According to Starobinski (1999, 302), a special
role in this interpretation of history was played by the triumph
of Newton's mechanics.
- BACHTIN, M. (1975),
Estetica e romanzo, Torino, Einaudi, 1997.
- BALUS, W. (1998), "From
Mourning to Melancholy: Toward a Phenomenology of the Modern Human
Condition", Analecta Husserliana, 52, pp. 411-18.
- BEER, G. (1983),
Darwin's Plots: Evolutionary Narrative in Nineteenth-Century
Fiction, London, Ark.
- BETTINI, M. (ed.)
(1991), La maschera, il doppio e il ritratto. Strategie
dell'identità, Bari, Laterza.
- BONDI PAGANELLI, M.
(1989), Dickens e il discorso politico. Analisi di una
contraddizione, Modena, Cappelli.
- CAREY, J. (1973), The
Violent Effigy: A Study of Dickens' Imagination, London, Faber and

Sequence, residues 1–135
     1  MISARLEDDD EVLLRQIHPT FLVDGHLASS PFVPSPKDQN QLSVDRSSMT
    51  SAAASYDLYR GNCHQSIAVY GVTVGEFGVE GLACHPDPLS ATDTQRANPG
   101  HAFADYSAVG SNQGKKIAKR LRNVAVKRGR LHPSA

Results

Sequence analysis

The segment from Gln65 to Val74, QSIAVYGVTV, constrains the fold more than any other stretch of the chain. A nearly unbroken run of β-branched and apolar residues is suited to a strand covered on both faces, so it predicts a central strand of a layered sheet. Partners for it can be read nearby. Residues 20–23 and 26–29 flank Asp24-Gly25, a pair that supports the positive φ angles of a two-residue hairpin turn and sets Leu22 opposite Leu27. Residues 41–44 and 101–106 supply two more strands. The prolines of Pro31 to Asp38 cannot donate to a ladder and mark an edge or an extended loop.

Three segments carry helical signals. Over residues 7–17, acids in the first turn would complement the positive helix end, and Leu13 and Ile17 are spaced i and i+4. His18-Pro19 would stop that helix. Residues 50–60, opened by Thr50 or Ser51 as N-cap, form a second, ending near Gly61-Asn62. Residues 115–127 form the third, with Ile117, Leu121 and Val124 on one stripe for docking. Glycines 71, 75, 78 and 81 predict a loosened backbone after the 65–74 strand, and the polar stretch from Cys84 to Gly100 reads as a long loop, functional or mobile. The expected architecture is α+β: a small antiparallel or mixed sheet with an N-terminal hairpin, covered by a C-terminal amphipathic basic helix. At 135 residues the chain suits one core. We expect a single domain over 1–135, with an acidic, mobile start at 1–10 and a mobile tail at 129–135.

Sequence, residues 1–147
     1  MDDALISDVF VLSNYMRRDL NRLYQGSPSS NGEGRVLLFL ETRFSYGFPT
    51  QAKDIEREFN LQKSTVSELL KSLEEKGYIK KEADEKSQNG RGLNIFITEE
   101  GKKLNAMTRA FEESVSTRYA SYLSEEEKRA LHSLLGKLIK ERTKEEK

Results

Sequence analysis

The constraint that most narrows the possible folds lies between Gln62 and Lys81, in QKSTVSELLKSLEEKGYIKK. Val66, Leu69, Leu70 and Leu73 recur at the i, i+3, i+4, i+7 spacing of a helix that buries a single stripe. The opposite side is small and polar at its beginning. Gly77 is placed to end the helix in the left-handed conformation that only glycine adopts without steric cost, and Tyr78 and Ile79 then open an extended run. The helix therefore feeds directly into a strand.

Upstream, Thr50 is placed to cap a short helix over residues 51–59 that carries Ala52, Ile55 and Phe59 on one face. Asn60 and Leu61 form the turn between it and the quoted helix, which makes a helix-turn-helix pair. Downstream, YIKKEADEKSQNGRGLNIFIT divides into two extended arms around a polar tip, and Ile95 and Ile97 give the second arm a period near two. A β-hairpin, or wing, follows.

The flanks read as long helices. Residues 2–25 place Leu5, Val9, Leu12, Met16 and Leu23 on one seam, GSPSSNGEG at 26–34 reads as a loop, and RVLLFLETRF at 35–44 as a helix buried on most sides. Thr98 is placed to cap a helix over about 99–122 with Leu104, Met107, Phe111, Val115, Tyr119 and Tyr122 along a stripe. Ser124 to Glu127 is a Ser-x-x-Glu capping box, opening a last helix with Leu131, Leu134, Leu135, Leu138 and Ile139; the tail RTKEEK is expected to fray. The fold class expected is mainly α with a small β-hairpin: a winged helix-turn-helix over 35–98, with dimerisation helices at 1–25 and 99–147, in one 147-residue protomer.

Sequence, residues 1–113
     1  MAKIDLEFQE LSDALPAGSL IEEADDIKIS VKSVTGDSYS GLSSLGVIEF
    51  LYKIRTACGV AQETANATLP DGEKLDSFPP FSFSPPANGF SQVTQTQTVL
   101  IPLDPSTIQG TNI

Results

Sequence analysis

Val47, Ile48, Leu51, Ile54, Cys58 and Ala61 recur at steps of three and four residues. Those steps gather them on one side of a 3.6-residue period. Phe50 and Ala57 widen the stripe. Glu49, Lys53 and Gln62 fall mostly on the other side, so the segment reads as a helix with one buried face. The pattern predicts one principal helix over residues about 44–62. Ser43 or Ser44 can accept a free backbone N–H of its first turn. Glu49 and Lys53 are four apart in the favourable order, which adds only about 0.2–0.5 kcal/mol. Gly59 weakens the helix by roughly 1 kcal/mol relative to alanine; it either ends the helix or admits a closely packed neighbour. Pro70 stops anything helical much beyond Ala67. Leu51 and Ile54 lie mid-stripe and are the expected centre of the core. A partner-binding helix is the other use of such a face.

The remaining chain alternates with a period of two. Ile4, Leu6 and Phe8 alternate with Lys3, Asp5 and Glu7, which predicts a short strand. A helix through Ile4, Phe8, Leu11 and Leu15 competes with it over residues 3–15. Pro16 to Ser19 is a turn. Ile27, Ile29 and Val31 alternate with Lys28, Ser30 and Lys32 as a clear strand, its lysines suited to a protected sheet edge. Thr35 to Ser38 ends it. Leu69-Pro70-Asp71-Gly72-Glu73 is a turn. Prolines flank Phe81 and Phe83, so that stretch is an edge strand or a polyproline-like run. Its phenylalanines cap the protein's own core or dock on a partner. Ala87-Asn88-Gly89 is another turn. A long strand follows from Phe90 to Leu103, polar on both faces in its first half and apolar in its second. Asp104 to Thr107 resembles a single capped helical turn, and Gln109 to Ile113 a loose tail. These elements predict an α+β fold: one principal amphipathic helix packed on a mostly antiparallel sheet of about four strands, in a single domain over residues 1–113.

- COATES, P. (1988), The
Double and the Other: Identity as Ideology in Post-Romantic
Fiction, Basingstoke and London, Macmillan.
- DICKENS, C. (1849-50),
David Copperfield, Harmondsworth, Penguin, 1966.
- DICKENS, C. (1855-57),
Little Dorrit, Harmondsworth, Penguin, 1967.
- DICKENS, C. (1860-61),
Great Expectations, Harmondsworth, Penguin, 1965.
- DICKENS, C. (1864-65),
Our Mutual Friend, Harmondsworth, Penguin, 1971.
- DICKENS, C. (1870), The
Mystery of Edwin Drood, Harmondsworth, Penguin, 1974.
- FLETCHER, J. and BENJAMIN,
A. (eds.) (1990), Abjection, Melancholy and Love: The Work of
Julia Kristeva, London and New York, Routledge.
- FLUDERNIK, M. (1999),
"Carceral Topography: Spatiality, Liminality and Corporality in
the Literary Prison", Textual Practice, 13, 1, pp.
- FOUCAULT, M. (1961),
Histoire de la folie, Paris, Plon; Madness and Civilization: A